Producing and understanding reduced words
Prof. Mirjam Ernestus, Professor in Linguistics
In spontaneous conversations, speakers often don’t fully pronounce words and phrases. The word yesterday is typically pronounced like yeshay and the phrase supposed to see may sound more like sussesee. This phenomenon is called reduction. “The interesting thing about reductions is that both speaker and listener are unaware of this process,” says Professor Mirjam Ernestus. “Then what mechanism underlies how speakers reduce words and listeners understand the reduced spoken language so smoothly? And why are people good at understanding reduced words in their native language but not in a foreign language? These are the central questions in our research."
To answer these questions, CLS researchers study collected recordings of spontaneous conversations between people. They discovered that the degree to which a word gets reduced is influenced by how predictable the subsequent words are. In the sentence The children swam, the word swam is highly predictable, but in the sentence The children smoked, the word smoked is highly unpredictable. Ernestus, “It’s difficult to pronounce smoked because people are unfamiliar with pronouncing the combination of children and smoked. And because this is difficult, speakers need more time to prepare the utterance and they buy time by avoiding any kind of reduction. Hence, by listening to spontaneous speech, we obtain information about the processes underlying word reduction.”
Speakers were found to use reductions because it is easier to pronounce reduced words and it reduces the time it takes to produce an utterance. In doing so, the listener’s needs and expectations are taken into account: the degree to which speech is reduced depends on the context in which speaker and hearer exchange information. Reductions are less frequent in formal meetings and public speeches compared to informal, spontaneous conversations. “Even though it’s an unconscious process, reducing speech is a sophisticated compromise between what a speaker wants and what a listener needs,” says Ernestus.
As a result of reduction processes, a given word can have many variants. In a series of experimental studies, the CLS researchers were able to demonstrate that people store information about the relative occurrences of many of these variants in their memory. That information is used in producing and understanding speech. For example, the French word pelouse (lawn) can be pronounced fully (pelouse) or in a reduced form (plouse). Native speakers of French have strong and correct intuitions about how often these variants occur. Their respective frequencies affect the speed with which speakers start pronouncing the word after being instructed to pronounce it as either pelouse or plouse. Moreover, these frequencies affect the speed with which hearers recognize the word when it is produced as either pelouse or plouse.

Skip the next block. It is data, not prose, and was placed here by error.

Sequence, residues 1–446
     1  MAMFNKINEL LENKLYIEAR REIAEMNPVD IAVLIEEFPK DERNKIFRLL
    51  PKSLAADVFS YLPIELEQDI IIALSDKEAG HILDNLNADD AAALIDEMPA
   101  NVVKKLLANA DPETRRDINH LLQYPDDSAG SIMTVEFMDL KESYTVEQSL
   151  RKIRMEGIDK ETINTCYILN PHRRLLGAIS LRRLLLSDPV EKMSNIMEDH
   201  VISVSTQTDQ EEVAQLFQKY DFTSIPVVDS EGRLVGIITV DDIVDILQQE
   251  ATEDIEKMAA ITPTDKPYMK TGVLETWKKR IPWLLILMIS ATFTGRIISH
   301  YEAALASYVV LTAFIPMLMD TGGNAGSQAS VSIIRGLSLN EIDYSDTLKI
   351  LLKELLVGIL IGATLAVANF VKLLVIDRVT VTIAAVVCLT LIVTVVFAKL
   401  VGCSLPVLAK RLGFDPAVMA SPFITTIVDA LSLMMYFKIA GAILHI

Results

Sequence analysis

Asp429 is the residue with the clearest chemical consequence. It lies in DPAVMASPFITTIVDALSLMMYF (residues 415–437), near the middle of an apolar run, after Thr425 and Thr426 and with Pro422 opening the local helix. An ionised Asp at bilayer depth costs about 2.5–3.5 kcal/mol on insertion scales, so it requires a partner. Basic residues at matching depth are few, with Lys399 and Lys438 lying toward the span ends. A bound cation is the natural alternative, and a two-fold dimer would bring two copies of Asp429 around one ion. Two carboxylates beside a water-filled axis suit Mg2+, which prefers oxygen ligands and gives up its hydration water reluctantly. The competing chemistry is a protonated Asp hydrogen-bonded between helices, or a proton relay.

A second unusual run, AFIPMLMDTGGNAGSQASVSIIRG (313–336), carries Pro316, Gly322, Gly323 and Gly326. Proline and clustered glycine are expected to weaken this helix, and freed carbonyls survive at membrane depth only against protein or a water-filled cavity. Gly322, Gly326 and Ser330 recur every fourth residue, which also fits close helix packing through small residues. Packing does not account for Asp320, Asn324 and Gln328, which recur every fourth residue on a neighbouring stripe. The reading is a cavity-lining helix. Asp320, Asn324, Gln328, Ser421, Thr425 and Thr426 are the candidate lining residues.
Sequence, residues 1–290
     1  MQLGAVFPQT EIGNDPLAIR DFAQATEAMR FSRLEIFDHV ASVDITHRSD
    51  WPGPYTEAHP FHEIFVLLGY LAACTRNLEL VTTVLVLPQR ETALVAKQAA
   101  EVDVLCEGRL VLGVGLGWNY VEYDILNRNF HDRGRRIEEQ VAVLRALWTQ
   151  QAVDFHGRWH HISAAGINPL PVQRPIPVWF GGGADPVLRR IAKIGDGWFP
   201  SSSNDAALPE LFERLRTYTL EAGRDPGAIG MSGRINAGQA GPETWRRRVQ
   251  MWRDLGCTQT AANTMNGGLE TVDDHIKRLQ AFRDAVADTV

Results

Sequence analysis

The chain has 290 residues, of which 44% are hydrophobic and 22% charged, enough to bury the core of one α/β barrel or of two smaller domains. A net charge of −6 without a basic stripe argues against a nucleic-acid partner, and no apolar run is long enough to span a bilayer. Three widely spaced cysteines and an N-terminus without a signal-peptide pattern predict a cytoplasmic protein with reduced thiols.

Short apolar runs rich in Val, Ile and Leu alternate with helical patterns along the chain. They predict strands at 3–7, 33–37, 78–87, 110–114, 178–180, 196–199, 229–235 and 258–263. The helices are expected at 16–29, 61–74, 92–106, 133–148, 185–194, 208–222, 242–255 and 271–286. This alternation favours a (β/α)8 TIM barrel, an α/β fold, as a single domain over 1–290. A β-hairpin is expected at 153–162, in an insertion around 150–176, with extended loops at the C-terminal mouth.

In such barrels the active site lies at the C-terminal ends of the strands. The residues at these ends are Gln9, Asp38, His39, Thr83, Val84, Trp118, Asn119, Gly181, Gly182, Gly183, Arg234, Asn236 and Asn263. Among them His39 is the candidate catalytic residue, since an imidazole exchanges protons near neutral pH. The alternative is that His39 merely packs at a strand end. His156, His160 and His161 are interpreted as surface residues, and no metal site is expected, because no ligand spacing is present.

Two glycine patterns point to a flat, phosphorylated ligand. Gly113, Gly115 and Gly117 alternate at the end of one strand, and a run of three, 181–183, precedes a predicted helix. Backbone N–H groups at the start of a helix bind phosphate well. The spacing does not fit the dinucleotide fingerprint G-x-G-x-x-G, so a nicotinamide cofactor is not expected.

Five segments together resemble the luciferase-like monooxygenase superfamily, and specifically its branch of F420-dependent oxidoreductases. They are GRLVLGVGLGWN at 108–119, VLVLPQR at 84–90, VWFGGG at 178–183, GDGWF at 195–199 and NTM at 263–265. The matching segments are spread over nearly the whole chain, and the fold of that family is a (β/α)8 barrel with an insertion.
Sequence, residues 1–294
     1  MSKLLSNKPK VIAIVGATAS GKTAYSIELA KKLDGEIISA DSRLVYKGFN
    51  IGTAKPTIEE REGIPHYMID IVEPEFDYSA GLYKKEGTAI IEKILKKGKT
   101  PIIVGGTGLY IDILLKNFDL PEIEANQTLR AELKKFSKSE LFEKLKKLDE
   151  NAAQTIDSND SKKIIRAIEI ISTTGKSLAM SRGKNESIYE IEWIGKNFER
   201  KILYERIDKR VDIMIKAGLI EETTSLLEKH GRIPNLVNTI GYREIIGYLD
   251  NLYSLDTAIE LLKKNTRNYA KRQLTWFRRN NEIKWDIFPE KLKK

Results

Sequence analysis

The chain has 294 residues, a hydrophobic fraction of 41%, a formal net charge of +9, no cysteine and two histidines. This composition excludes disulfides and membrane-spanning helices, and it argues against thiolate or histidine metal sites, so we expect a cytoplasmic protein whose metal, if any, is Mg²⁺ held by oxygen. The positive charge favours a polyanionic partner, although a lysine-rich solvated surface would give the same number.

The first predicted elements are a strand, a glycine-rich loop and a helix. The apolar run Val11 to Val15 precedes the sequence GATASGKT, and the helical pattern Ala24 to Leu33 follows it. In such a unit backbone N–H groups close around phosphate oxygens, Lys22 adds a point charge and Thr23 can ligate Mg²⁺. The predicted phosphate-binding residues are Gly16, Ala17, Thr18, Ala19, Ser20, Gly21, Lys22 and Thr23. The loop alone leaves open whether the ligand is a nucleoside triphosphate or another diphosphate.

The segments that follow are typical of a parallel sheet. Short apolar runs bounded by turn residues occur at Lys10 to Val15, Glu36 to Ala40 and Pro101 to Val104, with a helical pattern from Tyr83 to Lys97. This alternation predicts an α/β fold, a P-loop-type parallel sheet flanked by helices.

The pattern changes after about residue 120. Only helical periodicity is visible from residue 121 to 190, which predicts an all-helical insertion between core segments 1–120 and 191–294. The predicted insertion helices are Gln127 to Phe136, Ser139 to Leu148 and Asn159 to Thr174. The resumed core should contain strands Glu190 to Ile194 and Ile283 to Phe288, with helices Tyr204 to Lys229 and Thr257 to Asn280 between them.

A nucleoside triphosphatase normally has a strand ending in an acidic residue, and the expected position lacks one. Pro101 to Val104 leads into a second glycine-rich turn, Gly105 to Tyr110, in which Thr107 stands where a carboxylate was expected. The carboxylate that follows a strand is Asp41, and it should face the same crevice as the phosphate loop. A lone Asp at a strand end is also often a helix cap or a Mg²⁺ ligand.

Ernestus, “Results like these not only provide fundamental insights into how language is processed, but they are also of major societal relevance. We found that second language learners find it difficult to understand spontaneous speech with reductions. In comparison with native speakers, second language learners lack the input of these reduced forms and have no clear intuition about how often these reduced forms occur. They are also less sensitive to subtleties in speech signals, whereas native speakers automatically notice that even in reduced words, a tiny part of the reduced sound may actually be present.” These findings are useful for the development of educational materials and courses for second language learners.
The successes achieved in recent years are a direct result of the department’s unique approach to spoken language. “Studying everyday language in spontaneous conversations has led to discoveries we wouldn’t have been able to make in a laboratory environment where people tend to produce speech more formally and often unnaturally,” says Ernestus. In the years to come, the researchers will continue their work on language in interaction by studying rhythm, stress, and intonation. Ernestus, “Our ultimate aim is to unravel how language works in interaction, how language works in the mind, and above all: how everyday language works.”